For PMA applicants, this new law underscores the importance of documenting the processes associated with the development of PMA design data.  A PMA company that possesses that sort of development-process-documentation, and can offer it as a defense to an allegation of trade secret misappropriation, should be a more defensible position.

Congress Proposes FAA Reauthorization that Poses Both Challenges and Opportunities for the PMA Community

Today, Congress published proposed legislation (known as the AIRR Act) to reauthorize the FAA.  The biggest headline in that bill is air traffic control privatization.  But there is plenty in this bill that could affect the PMA industry.

Typically, FAA Reauthorization Bills affect higher-level elements of the law and the FAA is more likely to directly affect PMA Manufacturers; but the AIRR Act has a large number of elements that could affect the PMA community:

Sec. 302. Safety Oversight and Certification Advisory Committee. Congress is establishing an advisory committee that will be responsible for advising the Secretary of Transportation on policy-level issues related to FAA safety certification and oversight programs and activities.

Sec. 311. Aircraft certification performance objectives and metrics. The FAA shall establish metrics for progress toward increasing certification efficiency, increasing accountability, “achieving full utilization of FAA delegation and designation authorities,” implementing risk management and systems safety principles, increasing transparency, training personnel in auditing systems and maintaining the leadership of the United States in international aviation and aerospace.  All of these foci could be good for the PMA community.

Sec. 312. Organization designation authorizations. Establishes a new provision in the US Code for ODAs. ODAs shall have a procedures manual, shall be entitled to full delegation of functions approved in the manual, but shall be subject to regular FAA inspection. ODA holders shall cooperate fully with the FAA oversight activities. FAA shall establish an ODA Office to coordinate ODA policy and oversight.

Sec. 314. Type certification resolution process. Requires FAA to set policies and timelines for resolving type certification issues, and for elevating them when they cannot be resolved at the lower levels of the FAA.  [*** It would be nice to see this provision expanded to all design approvals, including PMAs ***]

Sec. 315. Safety enhancing equipment and systems for small general aviation
airplanes. Requires FAA to streamline the installation of safety enhancing equipment and systems for small general aviation airplanes in a manner that reduces regulatory delays and significantly improves safety. This is something that the FAA has been working on already so they should be prepared to meet Congressional deadlines.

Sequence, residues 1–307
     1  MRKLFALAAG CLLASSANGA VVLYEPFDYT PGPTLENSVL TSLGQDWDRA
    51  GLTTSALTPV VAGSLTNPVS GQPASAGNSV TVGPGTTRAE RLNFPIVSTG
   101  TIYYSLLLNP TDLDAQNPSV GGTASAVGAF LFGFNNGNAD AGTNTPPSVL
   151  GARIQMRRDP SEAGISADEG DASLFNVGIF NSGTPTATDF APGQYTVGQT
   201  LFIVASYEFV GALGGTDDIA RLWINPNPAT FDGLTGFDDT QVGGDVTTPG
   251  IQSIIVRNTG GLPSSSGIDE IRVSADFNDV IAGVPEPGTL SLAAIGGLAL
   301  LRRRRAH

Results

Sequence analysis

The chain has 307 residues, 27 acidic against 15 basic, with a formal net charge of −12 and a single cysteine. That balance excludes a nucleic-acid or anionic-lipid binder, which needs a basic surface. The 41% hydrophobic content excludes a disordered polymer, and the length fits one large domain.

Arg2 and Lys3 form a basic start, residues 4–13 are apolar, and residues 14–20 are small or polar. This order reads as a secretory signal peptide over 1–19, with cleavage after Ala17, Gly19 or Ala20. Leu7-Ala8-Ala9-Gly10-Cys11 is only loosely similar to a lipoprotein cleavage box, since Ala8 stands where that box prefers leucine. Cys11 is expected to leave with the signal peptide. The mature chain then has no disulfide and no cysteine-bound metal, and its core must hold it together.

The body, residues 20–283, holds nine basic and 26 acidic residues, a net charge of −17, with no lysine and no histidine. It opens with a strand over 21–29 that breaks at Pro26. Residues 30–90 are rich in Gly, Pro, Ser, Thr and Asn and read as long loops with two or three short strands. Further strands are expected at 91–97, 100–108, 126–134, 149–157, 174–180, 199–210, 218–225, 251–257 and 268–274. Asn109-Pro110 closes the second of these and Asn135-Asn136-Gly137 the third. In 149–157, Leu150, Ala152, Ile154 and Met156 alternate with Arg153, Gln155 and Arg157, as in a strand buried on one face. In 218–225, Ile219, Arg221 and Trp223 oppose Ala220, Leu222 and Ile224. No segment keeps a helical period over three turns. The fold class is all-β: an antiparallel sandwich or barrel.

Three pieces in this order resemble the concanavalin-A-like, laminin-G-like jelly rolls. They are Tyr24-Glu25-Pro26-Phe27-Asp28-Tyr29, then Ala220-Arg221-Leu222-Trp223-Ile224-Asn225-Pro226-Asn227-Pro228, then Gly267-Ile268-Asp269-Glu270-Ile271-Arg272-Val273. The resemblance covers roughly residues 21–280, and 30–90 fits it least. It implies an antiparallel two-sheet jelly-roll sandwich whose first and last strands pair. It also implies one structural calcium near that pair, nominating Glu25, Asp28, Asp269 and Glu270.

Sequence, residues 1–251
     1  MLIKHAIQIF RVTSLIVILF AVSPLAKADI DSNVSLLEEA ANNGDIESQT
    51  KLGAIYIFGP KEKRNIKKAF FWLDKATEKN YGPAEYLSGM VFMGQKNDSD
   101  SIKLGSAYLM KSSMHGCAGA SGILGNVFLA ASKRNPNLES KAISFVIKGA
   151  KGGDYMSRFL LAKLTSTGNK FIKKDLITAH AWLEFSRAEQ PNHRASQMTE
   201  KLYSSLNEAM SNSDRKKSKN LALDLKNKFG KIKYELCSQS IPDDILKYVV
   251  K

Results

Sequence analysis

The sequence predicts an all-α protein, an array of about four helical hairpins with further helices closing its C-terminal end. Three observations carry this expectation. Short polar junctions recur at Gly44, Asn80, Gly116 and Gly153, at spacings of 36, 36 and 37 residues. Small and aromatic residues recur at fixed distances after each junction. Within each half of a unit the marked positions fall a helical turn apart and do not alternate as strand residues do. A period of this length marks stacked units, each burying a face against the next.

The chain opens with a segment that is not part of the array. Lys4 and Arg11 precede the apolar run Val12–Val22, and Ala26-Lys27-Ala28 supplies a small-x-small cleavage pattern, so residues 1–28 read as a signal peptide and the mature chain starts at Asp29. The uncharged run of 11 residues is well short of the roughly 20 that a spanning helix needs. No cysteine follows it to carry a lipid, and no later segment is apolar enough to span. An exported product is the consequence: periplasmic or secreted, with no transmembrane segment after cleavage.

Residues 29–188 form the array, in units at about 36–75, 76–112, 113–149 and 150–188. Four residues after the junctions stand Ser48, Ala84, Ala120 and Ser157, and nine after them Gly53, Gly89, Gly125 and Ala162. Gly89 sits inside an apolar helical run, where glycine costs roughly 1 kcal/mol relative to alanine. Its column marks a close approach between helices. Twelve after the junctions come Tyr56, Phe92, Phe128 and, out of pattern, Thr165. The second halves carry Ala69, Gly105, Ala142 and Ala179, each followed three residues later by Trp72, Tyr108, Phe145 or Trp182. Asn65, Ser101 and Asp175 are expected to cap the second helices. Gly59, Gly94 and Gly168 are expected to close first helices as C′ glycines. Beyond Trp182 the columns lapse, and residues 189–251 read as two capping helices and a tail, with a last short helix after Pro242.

Sec. 317. Additional certification resources. If the FAA needs to travel to a foreign country to help expedite the process of acceptance or validation of a US certificate, then the US applicant can reimburse the FAA for travel expenses (which makes it easier for the FAA to contribute to such efforts). The FAA will have to keep metrics on this, including how often requests from US applicants to enter into such an arrangement were denied.

Sec. 351. Promotion of United States aerospace standards, products, and services abroad. This section gives the FAA promotion responsibilities, which were taken out of the law a number of years ago. This limited promotion authorization is focused on international promotion, like promoting United States aerospace safety standards abroad, and facilitating and vigorously defending approvals of United States aerospace products and services abroad. It will also reiterate our commitment to working with bilateral partners.

Sec. 352. Bilateral exchanges of safety oversight responsibilities. Includes a requirement for the FAA to accept foreign airworthiness directives (ADs) issued by bilateral partners. This could impose an unworkable burden on smaller US companies to track foreign AD proposals, because it will mean that the US companies will have to comment on the foreign AD, because it will have no reasonable opportunity to comment on a US version if the FAA is required to accept foreign ADs.  Because ADs can sometimes be worded to exclude PMA alternatives, it is important that the PMA community have some redress with respect to proposed ADs.